It was in1969 when an agreement was reached between Dom Mintoff and Archbishop Gonzi:

“Ejja ma ninsewhx dan, mhux billi għamlu l-paċi magħna, u żgur li għamlu l-paċi, għax kien jaqblilhom għamlu l-paċi magħna. Għax kienu qed jitkissru għamlu l-paċi magħna. M’għamlux il-paċi magħna għax huma nsara. Aħna konna ngħidulhom: aħna l-insara, mhux intom! F’wiċċhom, dakinhar, meta kienu jsawtuna, meta kellna l-gvern Ingliż, jitturufna lin-nies tagħna. Meta kellna arċisqof jiġbor lin-nies taħt l-umbrella u jgħidilhom ‘ejja nduru kontra tagħhom dawn’.”

The Church agreed that it will never impose canon sanctions on the Labour Party and this was a victory for the party because it was the same Church which had to take a step back.

It was ten years later, on 31st March 1979, when Mintoff’s greatest achievement happened – when the last British ship, HMS London, left Malta’s harbour, and Malta was no longer a military base. This marked Freedom Day (Jum il-Helsien), with the withdrawal of British troops and the Royal Navy from Malta. Freedom Day is a very significant moment in Malta’s political history because it was the first time that Malta had truly become independent de facto as well as de jure.

Maria Camilleri, a former Labour Party candidate, states that that day was the best and the happiest day for Mintoff and he was so happy, that he resembled a child who is happy with a gift he has received. He felt this way not only because of the freedom that Malta has acquired, but most of all, because there was no bloodshed, like there was in other countries.

When Mintoff was elected in 1971, Malta had been independent for six years, but the British were still among the Maltese nation. Until Mintoff was elected, everything was in the hands of the British: broadcasting, banking, the economy, the airport. So, although Borg Olivier brought independence, and this was the first step which then Mintoff could build on, still Malta was not truly independent.

Negotiations took nine months.

“Kellna żmien iebes ħafna u nittamaw li l-ġimgħa d-dieħla ma tkunx daqshekk iebsa.”

“Are you optimistic, Mr Mintoff, that an agreement will be reached in the near future?”

“Jiena realistiku. Bdejt dawn it-taħditiet bħala realistiku u nittama li nibqa’ realistiku sakemm in-negozjati jintemmu.”

In the end, an agreement was reached and signed with “extending the right of Britain to use Malta as a naval base until 1979, that is seven years.  Thanks to such an agreement, Mintoff got the lump sum of £14 million per year from the British, which contributed greatly to Malta’s economic development through the 1970s.

Lord Kerrington, the representative of the British government, had stated that Mintoff was the biggest and most harsh negotiator and the most loyal to his country that he had ever met in his entire life.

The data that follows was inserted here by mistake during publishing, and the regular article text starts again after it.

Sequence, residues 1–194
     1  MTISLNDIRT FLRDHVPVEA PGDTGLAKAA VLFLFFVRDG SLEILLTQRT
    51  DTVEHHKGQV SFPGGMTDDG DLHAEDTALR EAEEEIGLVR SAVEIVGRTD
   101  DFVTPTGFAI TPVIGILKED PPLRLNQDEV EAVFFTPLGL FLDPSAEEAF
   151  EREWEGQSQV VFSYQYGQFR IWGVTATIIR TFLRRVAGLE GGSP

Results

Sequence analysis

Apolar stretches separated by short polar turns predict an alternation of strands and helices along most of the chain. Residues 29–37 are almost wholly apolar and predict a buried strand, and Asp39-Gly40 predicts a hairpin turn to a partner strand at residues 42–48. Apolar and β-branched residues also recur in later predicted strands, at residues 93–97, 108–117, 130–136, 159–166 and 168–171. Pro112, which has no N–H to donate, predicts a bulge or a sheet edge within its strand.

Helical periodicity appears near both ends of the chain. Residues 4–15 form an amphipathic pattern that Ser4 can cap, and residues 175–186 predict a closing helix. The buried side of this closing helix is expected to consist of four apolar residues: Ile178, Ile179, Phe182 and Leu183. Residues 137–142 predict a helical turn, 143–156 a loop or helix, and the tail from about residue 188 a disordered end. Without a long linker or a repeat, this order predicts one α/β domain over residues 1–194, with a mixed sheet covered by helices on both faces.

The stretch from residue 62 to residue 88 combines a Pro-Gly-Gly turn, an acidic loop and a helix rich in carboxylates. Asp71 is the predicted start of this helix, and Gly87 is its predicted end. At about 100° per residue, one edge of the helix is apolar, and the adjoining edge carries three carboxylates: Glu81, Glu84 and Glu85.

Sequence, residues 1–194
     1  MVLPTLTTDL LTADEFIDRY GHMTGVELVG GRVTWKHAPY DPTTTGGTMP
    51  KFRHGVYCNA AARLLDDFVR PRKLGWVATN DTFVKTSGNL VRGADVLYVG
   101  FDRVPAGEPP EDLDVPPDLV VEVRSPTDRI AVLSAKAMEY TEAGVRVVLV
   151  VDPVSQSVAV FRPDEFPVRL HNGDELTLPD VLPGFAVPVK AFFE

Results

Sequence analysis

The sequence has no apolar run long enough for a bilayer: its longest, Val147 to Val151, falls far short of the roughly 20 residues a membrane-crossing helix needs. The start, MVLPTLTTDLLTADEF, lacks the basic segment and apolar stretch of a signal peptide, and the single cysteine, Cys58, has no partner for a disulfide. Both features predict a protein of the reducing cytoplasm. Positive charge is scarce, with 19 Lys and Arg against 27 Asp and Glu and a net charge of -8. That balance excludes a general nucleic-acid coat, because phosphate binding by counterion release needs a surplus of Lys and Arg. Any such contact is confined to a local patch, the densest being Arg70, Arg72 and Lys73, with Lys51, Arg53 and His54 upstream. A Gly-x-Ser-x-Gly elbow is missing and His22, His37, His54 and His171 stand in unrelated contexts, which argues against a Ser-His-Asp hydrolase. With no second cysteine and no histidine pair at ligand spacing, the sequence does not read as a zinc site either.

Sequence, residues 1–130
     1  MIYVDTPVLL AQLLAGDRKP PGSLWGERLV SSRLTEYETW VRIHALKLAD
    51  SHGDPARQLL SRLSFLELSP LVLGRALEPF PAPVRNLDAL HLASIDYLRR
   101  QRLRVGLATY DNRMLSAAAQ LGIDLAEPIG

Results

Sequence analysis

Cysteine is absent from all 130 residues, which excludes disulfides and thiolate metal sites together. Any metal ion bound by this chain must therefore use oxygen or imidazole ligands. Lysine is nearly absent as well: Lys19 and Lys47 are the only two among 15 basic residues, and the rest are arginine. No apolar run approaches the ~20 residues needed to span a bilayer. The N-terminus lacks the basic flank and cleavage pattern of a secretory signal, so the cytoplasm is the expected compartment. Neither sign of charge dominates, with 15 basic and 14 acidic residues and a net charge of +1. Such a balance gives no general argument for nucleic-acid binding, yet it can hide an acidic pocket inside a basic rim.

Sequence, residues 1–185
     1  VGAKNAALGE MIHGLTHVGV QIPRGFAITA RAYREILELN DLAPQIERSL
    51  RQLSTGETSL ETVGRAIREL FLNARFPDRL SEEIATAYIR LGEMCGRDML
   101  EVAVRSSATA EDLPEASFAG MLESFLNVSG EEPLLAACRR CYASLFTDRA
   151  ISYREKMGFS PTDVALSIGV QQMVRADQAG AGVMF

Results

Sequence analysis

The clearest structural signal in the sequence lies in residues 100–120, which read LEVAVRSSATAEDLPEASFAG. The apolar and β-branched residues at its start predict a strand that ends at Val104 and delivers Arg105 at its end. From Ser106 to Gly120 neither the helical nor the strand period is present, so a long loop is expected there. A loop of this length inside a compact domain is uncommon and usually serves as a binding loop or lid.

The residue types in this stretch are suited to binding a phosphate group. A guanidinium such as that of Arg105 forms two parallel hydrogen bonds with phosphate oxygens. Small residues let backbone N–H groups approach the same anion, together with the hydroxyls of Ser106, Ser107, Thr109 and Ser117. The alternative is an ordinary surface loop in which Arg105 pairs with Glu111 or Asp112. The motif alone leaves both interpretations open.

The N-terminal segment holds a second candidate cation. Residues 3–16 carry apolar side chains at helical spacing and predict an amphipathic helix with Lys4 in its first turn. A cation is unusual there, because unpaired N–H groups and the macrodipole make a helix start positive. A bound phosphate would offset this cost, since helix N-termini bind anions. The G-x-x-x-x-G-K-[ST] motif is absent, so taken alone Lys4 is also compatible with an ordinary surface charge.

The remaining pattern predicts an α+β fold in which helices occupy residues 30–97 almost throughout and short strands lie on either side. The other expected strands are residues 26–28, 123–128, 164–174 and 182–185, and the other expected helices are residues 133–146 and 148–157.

“Għax hu jgħid li spiċċa bla qalziet ta’ taħt. Mhux veru! Jien liebes ħallejtu.” [laughter]

Here is part of the press conference that Dom Mintoff gave after the agreement:

“Meta ksirniha, għax ħsibna li l-kundizzjonijiet ma kinux tajbin. U nista’ nassigurakom li kull darba li morna lura fuq il-mejda, akkwistajna xi ħaġa.”

“You were apparently quite determined to get on without the British if it proved to be necessary Mr Mintoff.”

“Iva, iva”.

“How were you prepared to do that?”

[laughing] “Dik inżommuha għalina.”

Once back to Malta, Mintoff was given a huge, hero’s welcome.

When Mintoff was in government again in 1979, he replaced the British governor with the Maltese, Sir Anthony Mamo, who became the first President of the Republic of Malta three years later. This was another feat with agreement with the Nationalist opposition party.

Sir Anthony’s Mamo speech was: “Jiena nwiegħed li nqiegħed lili nnifsi għas-servizz tagħkom u tal-poplu kollu, bħala kap tal-istat u bħala rappreżentant tal-għaqda u tal-umilta’ nazzjonali. Intom ukoll, kull wieħed minnkom, għandkom teħilfu u twegħdu fis-skiet ta’ qalbkom, li tgħaqqdu l-parti tagħkom, bil-għaqal, bl-onesta’, mhux bl-egoiżmu jew bi spirtu sezzjonali, iżda fl-interess ta’ għajrkom u tal-pajjiż li għandu jiġi l-ewwel u qabel kollox.”

Lino Cassar was the first to see the new emblem for Malta as a Republic when Mintoff took up a stone and draw its design. He drew the sun because he wanted to showcase Malta as a touristic, sunny island.

If Malta’s freedom was the main goal of Mintoff’s political life, then why was he negotiating Malta’s integration with Britain, twenty years before? This was because no politician could ever think that Malta could stand on its own. But the integration never happened and while negotiating it, Mintoff had dared to defy it.

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